An economic show
Please, get serious…
Today, President Gloria Macapagal-Arroyo and her economic managers will tell members of the Manila Overseas Press Club and the Foreign Correspondents Association of the Philippines that the administration has undertaken and followed through on key reforms that have enhanced the Philippines’ attractiveness to foreign investors. While the Philippines is an attractive investment alternative for many investors, other observers believe the Arroyo administration comes up short on doing what it can, or should, to achieve the Philippines’ investment potential.
Some sobering investment data shows that the Philippines is struggling mightily to attract investment. According to the Bangko Sentral ng Pilipinas (BSP), foreign direct investment (FDI) in the first half of 2008 fell almost 60% to just $813 million from $1.93 million a year earlier. That’s especially alarming because the Philippines was the worst performing country in Asia Pacific for 2007 in terms of attracting FDI.
If circumstances don’t improve, a bad year for foreign investment is going to be followed by an even worse year. Indeed, BSP already forecasts full-year FDI will fall short of last year’s $2.7 billion by $100 million. Expect that forecast to be revised regularly, and probably downward. Portfolio investment is also expected to be two thirds lower than the originally anticipated $3.5 billion at $1.1 billion for the year.
According to the administration, the investment downturn is due to the global financial malaise brought on by the subprime debacle in the U.S. which continues to fell Main Street’s oldest and once mightiest investment banks. But if anything, that downturn should be helping spur investment in the Philippines by companies anxious to offshore and outsource manufacturing and business processes to lower costs.
And the Philippines is a perennial last-place performer in the competition for FDI. It has trailed every other nation in Southeast Asia in FDI except Laos and Cambodia since 2004. If reforms were taking hold, the Philippines would be gaining ground on its regional competitors. Instead, FDI has been flat for two years, and it is expected to be among the worst performers in the region again this year.
It wasn’t expected to be this way. According to the Department of Trade & Industry, committed investment in the first six months of 2008 jumped an eye-popping 270% compared to the year earlier. Close scrutiny of those commitments, however, shows that they were driven by anticipated investment in the energy sector; more specifically, in electricity generation and oil exploration.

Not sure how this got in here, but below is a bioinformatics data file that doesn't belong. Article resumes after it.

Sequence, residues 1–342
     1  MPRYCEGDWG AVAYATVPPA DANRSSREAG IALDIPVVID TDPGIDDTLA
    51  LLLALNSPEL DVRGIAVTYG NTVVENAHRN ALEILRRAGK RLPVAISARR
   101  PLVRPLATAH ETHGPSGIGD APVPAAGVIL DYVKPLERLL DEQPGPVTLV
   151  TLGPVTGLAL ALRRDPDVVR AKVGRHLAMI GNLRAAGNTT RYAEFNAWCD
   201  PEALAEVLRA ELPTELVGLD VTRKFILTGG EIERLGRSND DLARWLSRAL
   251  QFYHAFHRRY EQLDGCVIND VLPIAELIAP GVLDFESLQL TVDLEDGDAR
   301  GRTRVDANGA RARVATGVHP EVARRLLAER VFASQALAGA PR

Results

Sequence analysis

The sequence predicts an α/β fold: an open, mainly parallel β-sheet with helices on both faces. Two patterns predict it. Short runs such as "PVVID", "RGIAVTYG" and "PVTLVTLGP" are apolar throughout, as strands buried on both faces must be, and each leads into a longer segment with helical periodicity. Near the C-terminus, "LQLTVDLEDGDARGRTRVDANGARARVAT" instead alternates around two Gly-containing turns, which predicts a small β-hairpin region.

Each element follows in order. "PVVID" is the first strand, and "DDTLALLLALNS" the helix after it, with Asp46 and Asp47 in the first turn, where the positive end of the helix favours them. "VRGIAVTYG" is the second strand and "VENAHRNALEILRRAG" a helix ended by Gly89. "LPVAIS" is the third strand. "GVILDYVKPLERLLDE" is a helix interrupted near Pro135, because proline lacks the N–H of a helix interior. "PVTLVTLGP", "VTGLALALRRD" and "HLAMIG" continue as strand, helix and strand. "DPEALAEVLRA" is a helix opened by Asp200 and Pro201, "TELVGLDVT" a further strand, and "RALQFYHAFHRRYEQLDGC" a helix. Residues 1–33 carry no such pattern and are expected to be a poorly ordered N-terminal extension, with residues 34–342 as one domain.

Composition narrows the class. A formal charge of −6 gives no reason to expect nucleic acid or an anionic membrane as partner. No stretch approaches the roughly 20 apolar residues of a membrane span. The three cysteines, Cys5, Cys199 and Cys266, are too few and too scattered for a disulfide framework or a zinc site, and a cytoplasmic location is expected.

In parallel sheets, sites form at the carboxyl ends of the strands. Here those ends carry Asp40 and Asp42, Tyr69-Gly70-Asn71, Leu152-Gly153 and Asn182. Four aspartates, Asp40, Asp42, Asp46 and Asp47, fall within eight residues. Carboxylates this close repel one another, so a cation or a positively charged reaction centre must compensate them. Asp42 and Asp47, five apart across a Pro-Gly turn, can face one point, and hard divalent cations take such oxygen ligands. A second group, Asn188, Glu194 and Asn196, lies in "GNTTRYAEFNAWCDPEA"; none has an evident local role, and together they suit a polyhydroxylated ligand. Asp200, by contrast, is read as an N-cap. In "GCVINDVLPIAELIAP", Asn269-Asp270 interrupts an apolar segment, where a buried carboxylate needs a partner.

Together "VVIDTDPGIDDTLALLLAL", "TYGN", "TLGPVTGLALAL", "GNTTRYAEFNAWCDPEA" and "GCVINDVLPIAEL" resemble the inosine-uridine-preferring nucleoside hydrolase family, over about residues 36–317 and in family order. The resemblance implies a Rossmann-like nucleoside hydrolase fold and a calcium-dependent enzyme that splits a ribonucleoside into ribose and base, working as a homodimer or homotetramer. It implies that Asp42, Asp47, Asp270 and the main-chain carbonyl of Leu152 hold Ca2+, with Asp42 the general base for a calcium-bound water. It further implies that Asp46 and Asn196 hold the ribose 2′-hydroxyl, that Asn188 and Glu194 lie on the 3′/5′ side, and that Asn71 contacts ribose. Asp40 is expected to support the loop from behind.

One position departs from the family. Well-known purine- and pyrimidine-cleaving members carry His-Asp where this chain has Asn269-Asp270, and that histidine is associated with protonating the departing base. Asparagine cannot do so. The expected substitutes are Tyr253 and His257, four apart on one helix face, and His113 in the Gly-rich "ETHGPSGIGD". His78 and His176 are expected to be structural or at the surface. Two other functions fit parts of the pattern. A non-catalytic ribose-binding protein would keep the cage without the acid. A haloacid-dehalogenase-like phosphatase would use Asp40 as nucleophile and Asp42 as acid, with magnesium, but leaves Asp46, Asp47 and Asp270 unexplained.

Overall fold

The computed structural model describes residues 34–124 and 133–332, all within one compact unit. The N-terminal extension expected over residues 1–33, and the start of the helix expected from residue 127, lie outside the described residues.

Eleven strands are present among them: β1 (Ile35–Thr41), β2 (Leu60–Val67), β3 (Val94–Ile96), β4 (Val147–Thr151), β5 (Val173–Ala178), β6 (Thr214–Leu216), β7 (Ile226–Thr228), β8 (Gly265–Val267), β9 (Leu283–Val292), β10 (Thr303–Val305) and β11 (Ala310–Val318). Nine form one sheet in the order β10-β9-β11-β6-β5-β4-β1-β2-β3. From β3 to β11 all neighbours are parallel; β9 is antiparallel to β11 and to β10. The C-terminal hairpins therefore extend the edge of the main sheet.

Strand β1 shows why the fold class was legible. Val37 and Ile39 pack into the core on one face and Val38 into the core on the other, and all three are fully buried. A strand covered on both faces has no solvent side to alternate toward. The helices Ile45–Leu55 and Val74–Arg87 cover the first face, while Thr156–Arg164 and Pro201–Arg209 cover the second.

Why haven’t those investments materialized? There are a number of factors involved, as it turns out. Administration moves to amend the 2001 Electric Power Industry Reform Act(EPIRA) has frightened investors who purchased generating assets from the National Power Corporation, or were planning to build new capacity, and are dismayed that the regulatory environment is shifting even before EPIRA is fully implemented. To make matters worse, Global Source economists Romeo Bernardo and Marie-Christine Tang, government is subsidizing electricity generation at state-owned plants, undermining the market and state investment in social services.
The call to amend EPIRA is political, and being justified on the basis of high electricity prices. The Philippines has the second highest cost of electricity in Asia, twice the cost of electricity in Thailand, and more than twice the cost of electricity in Malaysia, China, and Indonesia. But how can electricity be so expensive when 65% of the fuel used to generate electricity is indigenous to the Philippines?
One of the principal reasons prior to rapid increases in the price of oil this year is income tax and royalties paid to government. Those costs make indigenous natural gas 500% more expensive than imported liquid natural gas. Geothermal energy is 1.5 to 3.5 times more expensive than imported diesel. If government wants to meaningfully addressing the high cost of electricity, the way to start bringing down prices is to adjust high royalties and taxes on indigenous sources of energy. It costs less to produce natural gas in the Philippines than in Thailand. But royalties and taxes on natural gas here are P1.46/kWh while in Thailand they are virtually non-existent.
Reducing royalties and taxes, however, would not make the Department of Finance (DOF) and multilateral financial institutions like the World Bank, which are concerned with fiscal policy issues, happy. These institutions are not investor friendly. DOF, with World Bank support, has persistently lobbied other executive departments and Congress to “rationalize” investor incentives with the aim of increasing taxes levied on investors. To do so would even further undermine Philippine competitiveness in attracting investment.
If government is serious about increasing foreign investment, then it should be serious about addressing investor concerns. Changing the rules, backtracking on reforms, and removing incentives are not the way to impress investors.